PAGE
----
Somehow I know the turtle-man will keep at it – slow and steady – while my life will fly by at an unreconcilable pace. Maybe God died, for me anyway, when Ruth died, but I don’t know anymore. I really don’t. Maybe I’ve been given a second chance to make the dreams Ruth and I had about exploring the world come to pass.

Maybe this is the way she’d want things. Maybe it’s what God would’ve wanted.

As winter’s chill moved to the rivers and islands around Beaufort, Betty and I talked long into many nights about where we might pick up and go. She’d never dreamed these dreams before, so all this was all kind of new to her. Turns out that was how she spent her days up in the library; she looked through old books, read about faraway places told by dreamers who had long ago passed into the night, and she saw that world as my world. And it was her’s now too.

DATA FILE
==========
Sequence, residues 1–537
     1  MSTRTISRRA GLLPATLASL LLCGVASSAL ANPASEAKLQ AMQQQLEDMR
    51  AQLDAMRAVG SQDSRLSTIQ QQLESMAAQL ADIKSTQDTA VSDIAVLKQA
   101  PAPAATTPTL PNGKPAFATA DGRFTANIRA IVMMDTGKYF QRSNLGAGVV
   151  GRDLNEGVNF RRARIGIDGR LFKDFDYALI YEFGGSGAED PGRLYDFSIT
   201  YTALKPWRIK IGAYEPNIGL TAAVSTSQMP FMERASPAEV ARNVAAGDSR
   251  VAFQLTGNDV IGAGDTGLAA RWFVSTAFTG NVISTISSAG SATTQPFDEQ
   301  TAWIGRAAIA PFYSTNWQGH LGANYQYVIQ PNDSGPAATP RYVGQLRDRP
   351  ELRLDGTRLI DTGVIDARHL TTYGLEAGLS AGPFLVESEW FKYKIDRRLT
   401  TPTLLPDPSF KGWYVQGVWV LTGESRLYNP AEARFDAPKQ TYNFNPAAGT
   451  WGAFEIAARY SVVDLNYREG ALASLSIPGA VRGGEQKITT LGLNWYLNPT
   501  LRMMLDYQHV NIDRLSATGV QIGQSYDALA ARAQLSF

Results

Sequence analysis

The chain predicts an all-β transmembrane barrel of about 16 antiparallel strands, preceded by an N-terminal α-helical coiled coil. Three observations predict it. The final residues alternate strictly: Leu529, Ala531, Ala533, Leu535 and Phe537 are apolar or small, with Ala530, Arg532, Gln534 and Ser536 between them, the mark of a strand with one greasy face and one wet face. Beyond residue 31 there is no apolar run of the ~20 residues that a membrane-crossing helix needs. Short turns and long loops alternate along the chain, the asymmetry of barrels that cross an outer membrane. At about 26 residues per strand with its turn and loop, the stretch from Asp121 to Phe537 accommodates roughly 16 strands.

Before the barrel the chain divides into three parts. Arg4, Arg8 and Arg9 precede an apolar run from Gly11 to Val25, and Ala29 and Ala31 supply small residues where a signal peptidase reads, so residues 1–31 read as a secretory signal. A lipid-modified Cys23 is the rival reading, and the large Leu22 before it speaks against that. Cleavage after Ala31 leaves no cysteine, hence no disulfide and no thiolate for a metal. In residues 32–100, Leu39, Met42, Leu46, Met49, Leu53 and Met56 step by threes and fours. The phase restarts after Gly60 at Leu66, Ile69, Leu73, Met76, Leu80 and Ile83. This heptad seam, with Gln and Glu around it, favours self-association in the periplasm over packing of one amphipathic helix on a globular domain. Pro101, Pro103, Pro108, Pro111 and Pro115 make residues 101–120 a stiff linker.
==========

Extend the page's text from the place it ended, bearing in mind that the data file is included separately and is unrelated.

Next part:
She was ready to let go. Ready to let go of the nightmares, the blank stare that held her still. If Ruth’s dreams had been mine, Betty was now a part of a new triptych. The three of us were united by a desire to wander away the remaining hours of our lives. It really was as simple as that.

Hard as I tried, I couldn’t forget Ruth. Maybe I wasn’t supposed to, for like the memories of my boy she had been a part of me. The best part, I have to say.

Besides, Fred wouldn’t dare let me forget those first few minutes, when I first walked into Ruth’s office. He’d brought us together, after all, and he’d been having way too much fun, or so he told me, to ever let us go.

(C)2007-2016 Adrian Leverkühn | abw |

A Walk by the Sea (v1.0?)

This is one of those quick short stories that grew out of a piece of music I cobbled together many years ago (and as soon as I figure out how to upload the audio file I will). I think music often tells a story like this much better than words, but for now I think this might suffice.


A Walk by the Sea

Never seek to tell thy love,